Tableau

Tableau in Reference to Data Science

Tableau is among the most popular Business Intelligence tools that are used by companies. Any professional or amateur will be able to state the creativity this tool has. It is a data interpretation tool in the form of visuals used by decision-makers of many organizations. It is an introductory post to showcase this. This run-through will give you a sharp insight into how this tool functions.

If you want to make a sparkling career in Data Science, then getting trained on Tableau by PST Analytics comes highly recommended!
Let us get started!

Let us get started!

Advanced Graphs

Graphs and charts are core how a Data Scientist to work. Let us begin by studying what all types of figures and tables are present in Tableau!

In Tableau Dashboard, there is a ‘Show Me’ feature for generating more straightforward charts with fewer calculations. For advanced users who need to calculate complex data, they need to go beyond it. Some of the problematic and engaging graphs that you can create in Tableau are below:

Motion Chart

Motion Chart in Tableau

These are attractive, lively line graphs that you can create in Tableau. These are often used for analysis to compare trends, especially in market positions.

Bump Chart

Bump charts in Tableau

Commonly used for segment examination (for example, sales of products from different categories), bump charts display a much precise picture than the line charts. They show themes of contra flection or intersection of the line in an easily readable form.

Doughnut Chart

Doughnut Chart in Tableau

It is one classy representation of numbers. A doughnut chart is an enhanced version of a pie chart. In the middle, it has a hole which makes it easier to read.

Waterfall Chart

Waterfall Chart in tableau

Like a waterfall, this chart mostly represents numbers that are running (like, running sales of a company year by year). It effortlessly depicts increase and drip trends, which makes it simple to spot any movement in the pattern.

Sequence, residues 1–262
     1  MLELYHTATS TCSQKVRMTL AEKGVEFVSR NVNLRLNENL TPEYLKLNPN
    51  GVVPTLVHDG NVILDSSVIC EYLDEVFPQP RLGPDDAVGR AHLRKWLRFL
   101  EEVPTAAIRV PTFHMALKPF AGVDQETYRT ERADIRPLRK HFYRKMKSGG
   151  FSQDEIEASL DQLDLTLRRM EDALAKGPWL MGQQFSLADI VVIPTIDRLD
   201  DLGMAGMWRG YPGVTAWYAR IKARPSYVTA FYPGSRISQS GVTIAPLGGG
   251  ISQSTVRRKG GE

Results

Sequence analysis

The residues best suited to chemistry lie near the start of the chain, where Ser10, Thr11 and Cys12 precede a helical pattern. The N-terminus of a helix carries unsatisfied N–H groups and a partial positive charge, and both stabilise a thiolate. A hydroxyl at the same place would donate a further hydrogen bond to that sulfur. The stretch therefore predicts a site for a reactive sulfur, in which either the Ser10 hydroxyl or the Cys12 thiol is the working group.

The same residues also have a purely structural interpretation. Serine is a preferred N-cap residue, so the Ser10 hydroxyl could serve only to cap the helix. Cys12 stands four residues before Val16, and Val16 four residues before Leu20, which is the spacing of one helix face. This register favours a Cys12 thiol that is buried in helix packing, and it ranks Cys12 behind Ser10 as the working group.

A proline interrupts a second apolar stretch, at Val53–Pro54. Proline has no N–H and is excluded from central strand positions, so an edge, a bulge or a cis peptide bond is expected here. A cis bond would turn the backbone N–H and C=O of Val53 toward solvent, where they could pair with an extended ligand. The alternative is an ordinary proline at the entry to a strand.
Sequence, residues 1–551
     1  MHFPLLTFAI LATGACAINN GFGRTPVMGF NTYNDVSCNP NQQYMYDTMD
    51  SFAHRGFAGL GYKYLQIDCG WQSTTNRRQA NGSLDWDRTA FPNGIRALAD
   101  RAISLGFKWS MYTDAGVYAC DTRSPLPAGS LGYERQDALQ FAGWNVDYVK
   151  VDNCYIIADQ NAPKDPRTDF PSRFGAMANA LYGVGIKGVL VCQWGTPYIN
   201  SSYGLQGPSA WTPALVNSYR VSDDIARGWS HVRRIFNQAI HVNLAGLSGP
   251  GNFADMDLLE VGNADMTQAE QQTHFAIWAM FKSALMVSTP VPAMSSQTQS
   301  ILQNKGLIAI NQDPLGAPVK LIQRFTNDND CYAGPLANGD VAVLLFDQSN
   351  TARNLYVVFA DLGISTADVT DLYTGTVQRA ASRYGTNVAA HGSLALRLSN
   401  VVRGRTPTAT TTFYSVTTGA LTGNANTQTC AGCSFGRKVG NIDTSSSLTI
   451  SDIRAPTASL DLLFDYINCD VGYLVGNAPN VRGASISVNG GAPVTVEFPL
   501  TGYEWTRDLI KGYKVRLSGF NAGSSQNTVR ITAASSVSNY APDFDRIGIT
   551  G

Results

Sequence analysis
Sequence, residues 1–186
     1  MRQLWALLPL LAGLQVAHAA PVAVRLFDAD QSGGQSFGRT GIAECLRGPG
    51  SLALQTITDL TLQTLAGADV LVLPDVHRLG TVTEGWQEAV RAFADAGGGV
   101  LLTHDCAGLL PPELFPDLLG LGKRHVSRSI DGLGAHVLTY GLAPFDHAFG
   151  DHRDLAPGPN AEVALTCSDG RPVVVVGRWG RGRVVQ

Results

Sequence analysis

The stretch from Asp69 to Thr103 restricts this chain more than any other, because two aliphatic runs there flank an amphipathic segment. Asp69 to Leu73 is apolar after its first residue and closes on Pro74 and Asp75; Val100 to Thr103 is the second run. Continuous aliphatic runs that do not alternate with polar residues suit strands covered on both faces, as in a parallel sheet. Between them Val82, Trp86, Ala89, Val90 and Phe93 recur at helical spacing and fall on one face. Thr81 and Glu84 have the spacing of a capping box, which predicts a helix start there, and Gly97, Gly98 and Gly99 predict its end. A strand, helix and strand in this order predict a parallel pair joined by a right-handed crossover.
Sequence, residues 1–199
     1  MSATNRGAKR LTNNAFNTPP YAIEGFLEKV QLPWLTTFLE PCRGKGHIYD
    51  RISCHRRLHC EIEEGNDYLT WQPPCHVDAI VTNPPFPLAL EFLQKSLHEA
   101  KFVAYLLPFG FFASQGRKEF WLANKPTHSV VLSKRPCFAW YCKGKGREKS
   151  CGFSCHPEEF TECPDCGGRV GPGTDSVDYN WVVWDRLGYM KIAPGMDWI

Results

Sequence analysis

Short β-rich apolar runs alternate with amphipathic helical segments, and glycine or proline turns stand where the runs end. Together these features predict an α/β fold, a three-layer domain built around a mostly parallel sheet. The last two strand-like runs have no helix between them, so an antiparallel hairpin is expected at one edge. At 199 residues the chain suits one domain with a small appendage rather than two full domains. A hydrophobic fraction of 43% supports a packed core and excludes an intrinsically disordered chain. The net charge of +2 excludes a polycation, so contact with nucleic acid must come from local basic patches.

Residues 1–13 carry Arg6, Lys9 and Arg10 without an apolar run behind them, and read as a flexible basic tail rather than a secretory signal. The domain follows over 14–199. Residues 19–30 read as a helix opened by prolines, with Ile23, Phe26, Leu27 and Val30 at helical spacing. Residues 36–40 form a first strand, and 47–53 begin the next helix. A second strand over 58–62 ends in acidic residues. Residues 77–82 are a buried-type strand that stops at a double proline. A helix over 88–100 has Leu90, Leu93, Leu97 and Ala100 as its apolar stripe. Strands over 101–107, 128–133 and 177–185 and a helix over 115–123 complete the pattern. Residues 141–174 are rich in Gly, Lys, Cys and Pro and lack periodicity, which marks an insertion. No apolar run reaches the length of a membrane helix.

Pareto Chart

Pareto Chart in Tableau

Pareto charts come into picture when you need to determine and compute Risk Management. It is to classify the most usual problems that harm a project. Tableau permits the generation of communicating Pareto charts.

☛ Steps to use Tableau for Beginners

How to Install

You only need to do is to download Tableau on your PC and agree to the license agreement for the user. Now you can open the newly installed program, and you can now work on Tableau.

Understanding the Tableau Workspace/Dashboard

The Tableau workspace includes a menu bar, toolbar, shelves, worksheets and many other elements that any user will get acquainted with after working on Tableau over some time. The ‘Sheets’ segment includes dashboards, spreadsheets, and stories where you can find varied projects.

How to integrate a Data Source

Being a Data Analysis tool, Tableau needs data to process, which is enabled by Data Source. Tableau is in tune with a multiple of Data sources. You can quickly check what types of Data sources can be attached by going to the left pane. Tableau can support Text, Excel, or Server Data and more.

Try answering these Tableau multiple-choice questions quiz and exams to test your skills in the Tableau.

If you have any questions, shoot us an email at info@datavizguru.com.

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